Scientists create Britain’s first hybrid embryos

Published on The Independent, by Steve Connor, April 2, 2008.

Scientists confirmed last night that they have created human-animal “hybrid” embryos for the first time in Britain in an effort to develop new stem-cell treatments for disorders such as Parkinson’s disease, stroke and diabetes.

The scientists merged human genetic material with cow egg cells that had most of their own genetic material removed. The resulting hybrid embryos were genetically 99.9 per cent human and 0.1 per cent cow …

… The Human Fertilisation and Embryology Authority issued a research licence to Newcastle after seeking approval from the Government, which is proposing to update the current legislation to specifically permit such research after initially indicating that it was opposed.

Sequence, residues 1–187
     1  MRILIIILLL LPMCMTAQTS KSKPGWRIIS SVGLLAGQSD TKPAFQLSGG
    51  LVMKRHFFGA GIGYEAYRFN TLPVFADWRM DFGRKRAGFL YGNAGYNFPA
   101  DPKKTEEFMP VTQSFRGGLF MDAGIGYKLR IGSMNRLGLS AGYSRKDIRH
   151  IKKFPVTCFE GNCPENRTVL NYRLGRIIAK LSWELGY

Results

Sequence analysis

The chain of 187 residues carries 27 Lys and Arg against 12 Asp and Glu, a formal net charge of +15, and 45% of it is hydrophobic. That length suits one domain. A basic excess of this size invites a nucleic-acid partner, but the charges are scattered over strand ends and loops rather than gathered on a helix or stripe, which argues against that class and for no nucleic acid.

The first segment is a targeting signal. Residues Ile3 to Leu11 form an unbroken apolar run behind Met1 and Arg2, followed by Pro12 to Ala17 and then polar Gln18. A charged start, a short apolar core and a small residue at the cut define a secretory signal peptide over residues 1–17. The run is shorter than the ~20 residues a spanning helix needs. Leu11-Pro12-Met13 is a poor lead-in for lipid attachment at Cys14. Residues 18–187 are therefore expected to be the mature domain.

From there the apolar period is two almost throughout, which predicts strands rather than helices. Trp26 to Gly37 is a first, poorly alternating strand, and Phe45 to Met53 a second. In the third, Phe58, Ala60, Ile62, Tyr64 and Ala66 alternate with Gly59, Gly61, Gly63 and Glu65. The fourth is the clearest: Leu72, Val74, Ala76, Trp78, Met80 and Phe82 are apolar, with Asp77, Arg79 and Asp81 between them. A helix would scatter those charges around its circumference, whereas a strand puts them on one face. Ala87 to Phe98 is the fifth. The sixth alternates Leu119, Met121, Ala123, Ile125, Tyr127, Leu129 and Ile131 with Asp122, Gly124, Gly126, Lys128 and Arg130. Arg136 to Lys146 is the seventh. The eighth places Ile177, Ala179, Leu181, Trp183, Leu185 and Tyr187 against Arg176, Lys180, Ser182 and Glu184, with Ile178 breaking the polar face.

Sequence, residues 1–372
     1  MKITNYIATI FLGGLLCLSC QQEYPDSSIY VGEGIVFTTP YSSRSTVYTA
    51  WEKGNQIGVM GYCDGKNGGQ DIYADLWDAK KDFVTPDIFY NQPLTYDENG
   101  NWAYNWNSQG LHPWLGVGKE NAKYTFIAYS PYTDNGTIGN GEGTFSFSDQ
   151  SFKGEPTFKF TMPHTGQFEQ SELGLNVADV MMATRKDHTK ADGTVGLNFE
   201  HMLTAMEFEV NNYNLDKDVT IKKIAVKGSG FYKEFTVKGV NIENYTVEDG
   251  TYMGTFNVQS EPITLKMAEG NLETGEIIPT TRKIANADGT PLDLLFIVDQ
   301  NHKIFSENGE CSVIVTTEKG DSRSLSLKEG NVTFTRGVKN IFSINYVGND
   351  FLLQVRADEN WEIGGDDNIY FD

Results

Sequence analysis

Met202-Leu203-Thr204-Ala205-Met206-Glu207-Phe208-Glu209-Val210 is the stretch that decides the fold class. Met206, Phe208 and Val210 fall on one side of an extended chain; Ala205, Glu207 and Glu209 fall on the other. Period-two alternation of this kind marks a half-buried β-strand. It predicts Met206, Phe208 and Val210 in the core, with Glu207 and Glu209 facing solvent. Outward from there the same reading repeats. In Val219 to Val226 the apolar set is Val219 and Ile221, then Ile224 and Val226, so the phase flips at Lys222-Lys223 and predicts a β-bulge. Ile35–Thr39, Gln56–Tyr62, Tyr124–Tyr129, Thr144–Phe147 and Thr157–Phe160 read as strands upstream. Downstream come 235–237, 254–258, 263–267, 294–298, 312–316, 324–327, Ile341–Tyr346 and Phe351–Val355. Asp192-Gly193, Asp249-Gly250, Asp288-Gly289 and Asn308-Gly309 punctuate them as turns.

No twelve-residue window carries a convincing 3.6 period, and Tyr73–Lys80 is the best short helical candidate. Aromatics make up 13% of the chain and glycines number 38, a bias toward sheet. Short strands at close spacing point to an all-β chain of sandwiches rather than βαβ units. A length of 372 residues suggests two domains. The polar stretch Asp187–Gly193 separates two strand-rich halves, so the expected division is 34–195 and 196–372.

Professor Colin Blakemore, the former head of the Medical Research Council, said: “These preliminary reports give hope that this approach is likely to provide stem cells for research without the use of human eggs or normal human embryos. The new Bill is intended to confirm the arrangements for regulation of this important area of research.”

Professor Martin Bobrow of Cambridge University said: “If it turns out to be true that he has so rapidly been able to create an embryo that could produce a medically useful stem cell line, then that would be a very strong argument for pursuing that particular technique”. (full text).

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